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For immediate release
July 1, 2021
Treaty Five Territory, Thompson, MB – Manitoba Keewatinowi Okimakanak Inc. (MKO) is issuing the following statement on Canada Day as we continue to mourn the loss of thousands of children due to residential schools throughout the country.
Grand Chief Garrison Settee states:
“Yesterday, we heard yet another announcement of children being found in unmarked graves. This time there were 182 graves found close to the former St. Eugene Mission School in British Columbia. There will be more children found, including young people right here in Manitoba. On Canada Day, I’m asking all Canadians to stand in solidarity with Indigenous people as we continue to mourn the loss of our innocent children.
Many First Nations people would assert that Canada has a shameful relationship with its first peoples, including prolonged attempts to wipe us out in the name of religion. The discovery of the remains of thousands of children is triggering for so many of us as the majority of us are survivors or the children or grandchildren of survivors.
MKO stands in solidarity with all First Nations that are impacted by the loss of innocent children. Today we are asking all Canadians to take a moment to reflect on the fact that Indigenous peoples continue to be treated as second-class citizens in our own homelands. We have worse health outcomes than non-Indigenous people, more of us live in poverty, we are overrepresented in prisons and in the child welfare system, and the list goes on. Sadly, many First Nations do not have access to clean drinking water in the year 2021.
Many of our children still cannot access education in our own communities. Despite this, our people remain committed to becoming educated and they take the brave step of leaving home to get their grade 12 education and then to pursue their post-secondary studies. We need to see all children be able to get their grade 12 education in their home community.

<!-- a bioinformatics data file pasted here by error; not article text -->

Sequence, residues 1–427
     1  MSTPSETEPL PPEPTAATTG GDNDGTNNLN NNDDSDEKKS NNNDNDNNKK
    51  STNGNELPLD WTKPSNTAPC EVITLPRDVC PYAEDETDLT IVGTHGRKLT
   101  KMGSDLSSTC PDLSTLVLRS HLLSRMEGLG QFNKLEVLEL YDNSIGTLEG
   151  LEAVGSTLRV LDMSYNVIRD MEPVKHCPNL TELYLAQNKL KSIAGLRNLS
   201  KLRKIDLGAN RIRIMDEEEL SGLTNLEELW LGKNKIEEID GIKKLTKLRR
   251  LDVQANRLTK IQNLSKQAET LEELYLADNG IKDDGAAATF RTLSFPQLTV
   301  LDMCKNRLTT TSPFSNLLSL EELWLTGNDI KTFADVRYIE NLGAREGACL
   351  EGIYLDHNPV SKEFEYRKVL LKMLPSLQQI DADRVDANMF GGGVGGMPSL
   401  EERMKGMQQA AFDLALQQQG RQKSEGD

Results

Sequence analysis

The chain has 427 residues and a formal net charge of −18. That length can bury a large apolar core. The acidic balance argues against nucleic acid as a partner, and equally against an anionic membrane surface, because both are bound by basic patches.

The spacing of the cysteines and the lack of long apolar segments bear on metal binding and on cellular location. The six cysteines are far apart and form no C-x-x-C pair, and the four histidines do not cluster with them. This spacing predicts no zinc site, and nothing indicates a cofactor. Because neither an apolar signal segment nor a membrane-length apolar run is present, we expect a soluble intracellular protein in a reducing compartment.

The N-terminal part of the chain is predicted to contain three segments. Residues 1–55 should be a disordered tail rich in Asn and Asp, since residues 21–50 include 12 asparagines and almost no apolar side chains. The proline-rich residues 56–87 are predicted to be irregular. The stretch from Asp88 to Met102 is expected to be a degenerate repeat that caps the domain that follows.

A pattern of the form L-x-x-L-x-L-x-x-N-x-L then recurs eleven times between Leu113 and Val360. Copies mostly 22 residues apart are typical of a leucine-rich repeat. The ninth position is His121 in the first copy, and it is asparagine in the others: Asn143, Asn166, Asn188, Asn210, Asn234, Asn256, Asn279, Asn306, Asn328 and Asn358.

Today I will celebrate the bravery and strength of these young people by attending a graduation ceremony in Chemawawin Cree Nation. I will be there to commend all the students who committed to finishing their education assistant program despite all the barriers they may have faced.
Meanwhile in Winnipeg, MKO staff will take part in the No Pride in Genocide event starting at the Canadian Museum for Human Rights at 12 noon. You will see people moving through Winnipeg and throughout the country wearing orange as a way to honour the children we have lost. We invite all Canadians to stand with us and wear orange instead of red today.
It is important we continue to talk about and share our knowledge of the legacy of residential schools. The impact of the schools continues to affect all of us today. The healing work needs to continue.
MKO also encourages all Canadians to learn more about Canada’s history with First Nations people. Read the reports from the Truth and Reconciliation Commission and learn their 94 Calls to Action. Pick some of those Calls to Action and work on them in your communities—do what you can to make a difference. Share your knowledge with other people. Working together, we can build a much better country, one that we can all be proud to celebrate together.”
For more information:
Melanie Ferris, Communications Officer
Email: [email protected]